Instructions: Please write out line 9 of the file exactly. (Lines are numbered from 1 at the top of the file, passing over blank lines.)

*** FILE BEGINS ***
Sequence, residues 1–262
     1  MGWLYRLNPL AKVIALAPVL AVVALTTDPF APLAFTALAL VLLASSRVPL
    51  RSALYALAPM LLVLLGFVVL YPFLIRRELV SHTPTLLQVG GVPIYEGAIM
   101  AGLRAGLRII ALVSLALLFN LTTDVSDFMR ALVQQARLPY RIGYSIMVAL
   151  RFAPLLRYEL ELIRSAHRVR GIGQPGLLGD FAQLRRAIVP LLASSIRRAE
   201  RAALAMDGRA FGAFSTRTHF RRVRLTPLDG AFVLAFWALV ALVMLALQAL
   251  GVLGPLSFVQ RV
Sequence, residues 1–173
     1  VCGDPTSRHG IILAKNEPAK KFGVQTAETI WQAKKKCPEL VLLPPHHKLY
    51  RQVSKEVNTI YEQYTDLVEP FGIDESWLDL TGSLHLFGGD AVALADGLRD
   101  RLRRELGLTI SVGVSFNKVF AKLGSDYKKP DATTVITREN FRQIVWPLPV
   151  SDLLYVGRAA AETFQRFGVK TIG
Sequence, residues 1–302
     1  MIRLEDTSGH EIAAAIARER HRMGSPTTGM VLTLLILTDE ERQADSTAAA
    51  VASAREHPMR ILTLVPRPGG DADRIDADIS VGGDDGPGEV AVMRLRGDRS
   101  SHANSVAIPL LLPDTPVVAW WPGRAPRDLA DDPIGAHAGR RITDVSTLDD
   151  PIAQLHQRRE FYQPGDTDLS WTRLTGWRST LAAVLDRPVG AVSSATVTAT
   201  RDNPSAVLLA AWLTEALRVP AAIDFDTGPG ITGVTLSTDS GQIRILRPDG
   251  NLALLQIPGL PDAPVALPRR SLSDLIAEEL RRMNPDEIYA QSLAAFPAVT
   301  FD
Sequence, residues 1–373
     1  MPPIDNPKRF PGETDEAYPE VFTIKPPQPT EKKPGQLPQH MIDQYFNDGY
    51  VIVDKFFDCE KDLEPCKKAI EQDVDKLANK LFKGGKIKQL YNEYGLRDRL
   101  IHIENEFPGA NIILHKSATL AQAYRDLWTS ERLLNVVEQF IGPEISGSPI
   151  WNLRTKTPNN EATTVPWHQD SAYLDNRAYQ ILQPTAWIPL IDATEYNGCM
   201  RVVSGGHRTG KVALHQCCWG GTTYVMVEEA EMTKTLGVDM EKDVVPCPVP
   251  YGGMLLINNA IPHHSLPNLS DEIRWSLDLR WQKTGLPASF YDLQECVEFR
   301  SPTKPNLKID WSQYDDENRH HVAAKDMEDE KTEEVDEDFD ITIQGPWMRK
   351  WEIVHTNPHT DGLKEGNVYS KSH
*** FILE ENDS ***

     1  VCGDPTSRHG IILAKNEPAK KFGVQTAETI WQAKKKCPEL VLLPPHHKLY